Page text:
# What pressure profile to provide to ABAQUS ???

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 January 24, 2006, 18:00 What pressure profile to provide to ABAQUS ??? #1 thomas Guest   Posts: n/a Here is a quick question. I am having a high velcoity (60 m/s) flow impacting onto some blades. After convergence i am extracting the pressure values onto the blade to provide it to abaqus to check the stress contour. Which Pressure Profile Should I use ? The Static Pressure Profile or the TOTAL Pressure Profile - Static + Dynamic?. In my head it is the Total Pressure profile to account the pressure due a fluid momentum but i am asking for a comfirmation here. THANKS in adavnce !!!

 January 24, 2006, 18:55 Re: What pressure profile to provide to ABAQUS ??? #2 Thomas Guest   Posts: n/a You should use the pressure that is seen by the blade. If the blade is not moving you should use the total pressure. thomas

 January 24, 2006, 19:23 Re: What pressure profile to provide to ABAQUS ??? #3 thomas Guest   Posts: n/a Thanks effectively the blade is not moving, so i will use the total pressure ! THANKS MUCH !

 January 25, 2006, 04:11 Re: What pressure profile to provide to ABAQUS ??? #4 Luca Guest   Posts: n/a I'm sorry but to me you should use the static one. Luca

 January 25, 2006, 09:46 Re: What pressure profile to provide to ABAQUS ??? #5 thomas Guest   Posts: n/a OK, xould you explain to me why you think so ? .. also maybe theword blade is not the right term, i am not studying a pump or anything rotative just a high velocity flow around a wall. Thanks for your quick answer !

 January 25, 2006, 09:53 Re: What pressure profile to provide to ABAQUS ??? #6 Luca Guest   Posts: n/a Have you ever seen a Cp (pressure-coefficient) plot of an aerfoil? Remember how Cp is defined. Total pressure is just a definition. So sorry for my short answer... Luca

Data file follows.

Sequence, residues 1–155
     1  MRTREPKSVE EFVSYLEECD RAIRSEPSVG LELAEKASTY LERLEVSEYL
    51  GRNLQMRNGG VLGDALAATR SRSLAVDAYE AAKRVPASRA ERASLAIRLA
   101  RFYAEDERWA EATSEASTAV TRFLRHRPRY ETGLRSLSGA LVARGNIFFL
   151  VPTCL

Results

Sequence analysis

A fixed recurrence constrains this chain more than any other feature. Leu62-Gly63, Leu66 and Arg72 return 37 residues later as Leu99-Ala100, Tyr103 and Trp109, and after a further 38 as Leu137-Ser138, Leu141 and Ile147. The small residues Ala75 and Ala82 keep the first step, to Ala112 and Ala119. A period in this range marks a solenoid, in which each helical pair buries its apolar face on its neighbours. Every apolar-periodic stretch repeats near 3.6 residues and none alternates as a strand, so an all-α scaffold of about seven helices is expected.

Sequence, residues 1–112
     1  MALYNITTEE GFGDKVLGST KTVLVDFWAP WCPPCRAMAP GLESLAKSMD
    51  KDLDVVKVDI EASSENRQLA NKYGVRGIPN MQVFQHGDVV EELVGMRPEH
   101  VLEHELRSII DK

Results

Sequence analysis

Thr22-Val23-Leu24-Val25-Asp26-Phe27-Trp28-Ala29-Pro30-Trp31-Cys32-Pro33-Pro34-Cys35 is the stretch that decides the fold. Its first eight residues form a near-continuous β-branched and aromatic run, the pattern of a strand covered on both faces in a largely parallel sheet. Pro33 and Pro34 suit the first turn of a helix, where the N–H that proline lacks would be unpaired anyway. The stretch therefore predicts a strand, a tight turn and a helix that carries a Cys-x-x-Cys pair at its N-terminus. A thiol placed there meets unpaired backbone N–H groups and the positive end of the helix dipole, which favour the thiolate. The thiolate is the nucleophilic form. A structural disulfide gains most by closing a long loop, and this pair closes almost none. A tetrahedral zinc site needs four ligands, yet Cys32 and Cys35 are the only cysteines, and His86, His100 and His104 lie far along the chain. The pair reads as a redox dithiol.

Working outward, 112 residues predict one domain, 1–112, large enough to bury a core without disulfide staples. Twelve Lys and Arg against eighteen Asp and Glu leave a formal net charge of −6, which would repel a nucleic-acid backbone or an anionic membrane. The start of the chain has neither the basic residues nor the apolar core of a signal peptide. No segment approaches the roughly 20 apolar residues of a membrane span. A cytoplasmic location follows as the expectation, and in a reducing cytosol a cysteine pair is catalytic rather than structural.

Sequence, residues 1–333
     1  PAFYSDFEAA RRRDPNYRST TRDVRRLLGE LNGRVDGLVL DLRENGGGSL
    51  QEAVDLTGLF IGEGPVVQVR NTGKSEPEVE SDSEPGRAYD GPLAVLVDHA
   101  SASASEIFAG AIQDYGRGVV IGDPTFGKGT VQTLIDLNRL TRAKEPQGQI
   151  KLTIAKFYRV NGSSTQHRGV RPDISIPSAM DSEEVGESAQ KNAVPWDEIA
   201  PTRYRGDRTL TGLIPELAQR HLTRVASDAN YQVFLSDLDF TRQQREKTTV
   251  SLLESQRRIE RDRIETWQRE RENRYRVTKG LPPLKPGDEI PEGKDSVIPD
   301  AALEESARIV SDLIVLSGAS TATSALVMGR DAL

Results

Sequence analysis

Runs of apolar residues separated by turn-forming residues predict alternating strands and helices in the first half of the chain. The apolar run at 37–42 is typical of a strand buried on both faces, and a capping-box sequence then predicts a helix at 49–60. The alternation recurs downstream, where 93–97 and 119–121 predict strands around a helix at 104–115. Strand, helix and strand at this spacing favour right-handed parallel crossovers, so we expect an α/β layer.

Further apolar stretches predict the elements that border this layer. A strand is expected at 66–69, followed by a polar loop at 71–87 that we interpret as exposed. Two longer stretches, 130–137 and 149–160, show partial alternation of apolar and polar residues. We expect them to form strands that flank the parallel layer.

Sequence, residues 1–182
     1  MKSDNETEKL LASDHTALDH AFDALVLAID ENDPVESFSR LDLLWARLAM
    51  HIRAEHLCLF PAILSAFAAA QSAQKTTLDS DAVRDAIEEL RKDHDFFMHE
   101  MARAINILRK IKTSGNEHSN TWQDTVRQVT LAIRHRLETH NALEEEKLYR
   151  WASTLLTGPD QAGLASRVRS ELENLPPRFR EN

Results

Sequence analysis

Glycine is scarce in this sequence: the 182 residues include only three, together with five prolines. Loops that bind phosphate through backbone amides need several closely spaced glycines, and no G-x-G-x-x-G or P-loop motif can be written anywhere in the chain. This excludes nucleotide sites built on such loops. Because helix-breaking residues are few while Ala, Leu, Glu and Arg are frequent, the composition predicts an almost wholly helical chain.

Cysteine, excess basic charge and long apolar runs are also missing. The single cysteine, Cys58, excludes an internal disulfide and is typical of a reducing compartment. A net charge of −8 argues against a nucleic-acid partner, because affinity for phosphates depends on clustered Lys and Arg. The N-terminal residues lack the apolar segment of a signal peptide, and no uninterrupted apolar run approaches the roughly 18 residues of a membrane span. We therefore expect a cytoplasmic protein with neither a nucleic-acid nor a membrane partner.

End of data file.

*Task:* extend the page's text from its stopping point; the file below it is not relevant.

January 27, 2006, 05:33 Re: What pressure profile to provide to ABAQUS ??? #7 Razvan Guest   Posts: n/a Dear fellow Fluent users, we are talking about hypersonic flows, multiphase, deforming meshes, extremely complicated heat transfer, but we seem to have forgotten even the basics of fluid mechanics!!! Mr. Luca is wright, you should use static pressure! Why? The answer is simple: imagine only how these two pressures are measured (static and total). - static pressure is measured using a gauge with a hole parallel to the main flow direction, so it measures actually the pressure that THE WALL THAT WOULD HAVE EXISTED THERE (instead of the hole!!) SHOULD HAVE FELT, with the fluid IN MOTION. - total pressure is measured using a gauge with a hole normal to the flow direction, at the end of a tube, so it actually measures THE SAME FLUID pressure, in the same spot, but STATIONARY, so total pressure is the pressure that a wall would feel if the fluid was completely stationary. Some people may get confused a little, and say something like: what about the stagnation point? Well, that's THE ONLY POINT where Pstatic=Ptotal in a moving fluid. I hope this was a good enough explanation. Best wishes, Razvan

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